The Pullman Company built the Marco Polo in 1927 as part of a small fleet of cars named for world explorers, reserving them for VIPs who chartered their own rail car. President Franklin D. Roosevelt traveled in the car when he was governor of New York and later as president, using it on trips to and from Warm Springs, Georgia.
Norfolk Southern No. 8099, a heritage unit painted with the paint scheme of Southern Railway, a Norfolk Southern predecessor railroad, pulled the car, effectively a predecessor to Air Force 1, into the Duluth museum.
“The Marco Polo holds a unique place in Norfolk Southern history, and we couldn’t think of a more appropriate location for the car to be displayed than at the Southeastern Railway Museum,” said John Friedmann, Norfolk Southern VP Network Planning & Optimization. “As we move our headquarters to Atlanta, forging relationships with surrounding communities like Duluth and organizations dedicated to preserving railroads like Southeastern Railway Museum will be critical to making Atlanta feel even more like home.”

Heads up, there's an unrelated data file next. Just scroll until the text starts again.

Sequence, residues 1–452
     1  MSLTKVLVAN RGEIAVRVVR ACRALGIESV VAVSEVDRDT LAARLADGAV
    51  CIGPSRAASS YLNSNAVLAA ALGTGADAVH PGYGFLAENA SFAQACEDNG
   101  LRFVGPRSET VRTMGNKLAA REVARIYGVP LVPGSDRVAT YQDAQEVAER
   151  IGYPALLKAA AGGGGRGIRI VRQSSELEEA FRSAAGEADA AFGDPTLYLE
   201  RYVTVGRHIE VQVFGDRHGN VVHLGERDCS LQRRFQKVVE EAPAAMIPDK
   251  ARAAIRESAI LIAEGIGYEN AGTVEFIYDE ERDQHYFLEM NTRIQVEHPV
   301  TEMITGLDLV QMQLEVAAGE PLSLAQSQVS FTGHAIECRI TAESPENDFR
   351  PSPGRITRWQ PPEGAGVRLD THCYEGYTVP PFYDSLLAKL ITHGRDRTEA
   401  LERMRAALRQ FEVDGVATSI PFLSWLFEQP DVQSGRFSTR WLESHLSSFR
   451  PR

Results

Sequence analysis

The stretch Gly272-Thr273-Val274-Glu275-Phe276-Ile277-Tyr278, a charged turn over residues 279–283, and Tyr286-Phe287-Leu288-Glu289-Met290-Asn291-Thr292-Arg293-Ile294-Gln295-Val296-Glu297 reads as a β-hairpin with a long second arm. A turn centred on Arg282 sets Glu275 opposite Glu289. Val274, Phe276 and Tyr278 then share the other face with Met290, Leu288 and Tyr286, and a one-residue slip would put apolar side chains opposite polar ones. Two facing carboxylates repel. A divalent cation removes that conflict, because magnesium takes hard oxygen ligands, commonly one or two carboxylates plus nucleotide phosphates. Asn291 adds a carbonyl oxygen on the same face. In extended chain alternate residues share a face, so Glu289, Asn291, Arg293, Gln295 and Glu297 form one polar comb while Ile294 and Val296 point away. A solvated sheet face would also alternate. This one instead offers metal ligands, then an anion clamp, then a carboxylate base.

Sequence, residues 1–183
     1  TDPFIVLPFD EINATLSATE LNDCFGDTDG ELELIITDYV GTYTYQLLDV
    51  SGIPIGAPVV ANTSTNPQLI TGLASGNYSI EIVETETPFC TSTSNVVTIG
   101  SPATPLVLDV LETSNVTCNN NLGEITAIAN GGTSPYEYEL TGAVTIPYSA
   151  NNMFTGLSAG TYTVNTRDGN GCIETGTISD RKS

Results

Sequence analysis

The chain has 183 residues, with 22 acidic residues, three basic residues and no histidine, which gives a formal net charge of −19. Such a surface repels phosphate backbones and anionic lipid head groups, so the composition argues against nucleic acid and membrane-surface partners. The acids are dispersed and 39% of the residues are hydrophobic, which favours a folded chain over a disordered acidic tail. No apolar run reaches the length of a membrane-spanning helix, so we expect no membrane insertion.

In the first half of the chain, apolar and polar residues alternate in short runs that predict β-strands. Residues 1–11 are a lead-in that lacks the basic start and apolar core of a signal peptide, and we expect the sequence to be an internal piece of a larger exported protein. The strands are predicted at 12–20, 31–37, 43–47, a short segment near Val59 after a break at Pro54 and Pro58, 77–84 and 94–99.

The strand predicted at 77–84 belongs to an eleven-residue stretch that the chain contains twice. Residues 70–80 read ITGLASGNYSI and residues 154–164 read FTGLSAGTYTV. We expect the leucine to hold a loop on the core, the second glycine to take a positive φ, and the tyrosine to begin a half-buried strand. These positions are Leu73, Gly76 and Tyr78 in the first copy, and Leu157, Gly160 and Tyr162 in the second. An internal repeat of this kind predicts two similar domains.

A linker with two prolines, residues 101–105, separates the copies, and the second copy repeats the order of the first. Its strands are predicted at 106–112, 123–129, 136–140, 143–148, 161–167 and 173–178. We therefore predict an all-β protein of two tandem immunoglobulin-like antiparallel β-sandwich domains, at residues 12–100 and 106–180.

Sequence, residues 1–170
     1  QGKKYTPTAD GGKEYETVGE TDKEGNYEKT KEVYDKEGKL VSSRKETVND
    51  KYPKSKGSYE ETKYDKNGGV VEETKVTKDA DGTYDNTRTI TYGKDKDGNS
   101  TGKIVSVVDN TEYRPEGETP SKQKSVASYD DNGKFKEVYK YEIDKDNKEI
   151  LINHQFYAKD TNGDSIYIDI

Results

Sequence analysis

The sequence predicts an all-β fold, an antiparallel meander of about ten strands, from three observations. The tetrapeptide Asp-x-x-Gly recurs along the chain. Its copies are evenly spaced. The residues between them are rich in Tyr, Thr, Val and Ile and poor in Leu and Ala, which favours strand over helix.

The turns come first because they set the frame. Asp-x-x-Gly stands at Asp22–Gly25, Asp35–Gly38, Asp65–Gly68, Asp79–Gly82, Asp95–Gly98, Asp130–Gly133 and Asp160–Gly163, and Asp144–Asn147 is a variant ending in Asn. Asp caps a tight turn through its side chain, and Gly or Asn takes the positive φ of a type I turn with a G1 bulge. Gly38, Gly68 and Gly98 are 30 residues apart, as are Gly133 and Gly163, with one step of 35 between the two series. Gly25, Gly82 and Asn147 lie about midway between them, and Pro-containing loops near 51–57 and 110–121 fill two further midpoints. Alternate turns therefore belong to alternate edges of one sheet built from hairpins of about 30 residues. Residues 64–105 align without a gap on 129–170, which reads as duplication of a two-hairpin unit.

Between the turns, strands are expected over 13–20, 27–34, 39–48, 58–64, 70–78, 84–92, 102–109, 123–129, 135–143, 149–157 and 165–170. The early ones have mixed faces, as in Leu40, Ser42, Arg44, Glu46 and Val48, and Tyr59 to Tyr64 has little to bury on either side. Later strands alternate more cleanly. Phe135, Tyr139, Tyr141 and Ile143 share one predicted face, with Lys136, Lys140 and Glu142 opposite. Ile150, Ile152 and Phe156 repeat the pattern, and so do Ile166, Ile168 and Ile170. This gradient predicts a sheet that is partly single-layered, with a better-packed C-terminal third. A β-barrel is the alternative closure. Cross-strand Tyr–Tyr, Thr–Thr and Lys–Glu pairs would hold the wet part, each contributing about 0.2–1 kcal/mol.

The Central of Georgia, a Norfolk Southern predecessor, bought the car in 1944 and converted it into an office. The Southern Railway assumed ownership of the car in 1963 after it merged with the Central of Georgia.
Over the years, the railroad has displayed the car, which was later renamed the Savannah, in Chattanooga, Tennessee, and at Union Station in Washington, D.C. For more than 25 years, Washington commuters walked past the Marco Polo, most not knowing the rail car’s history.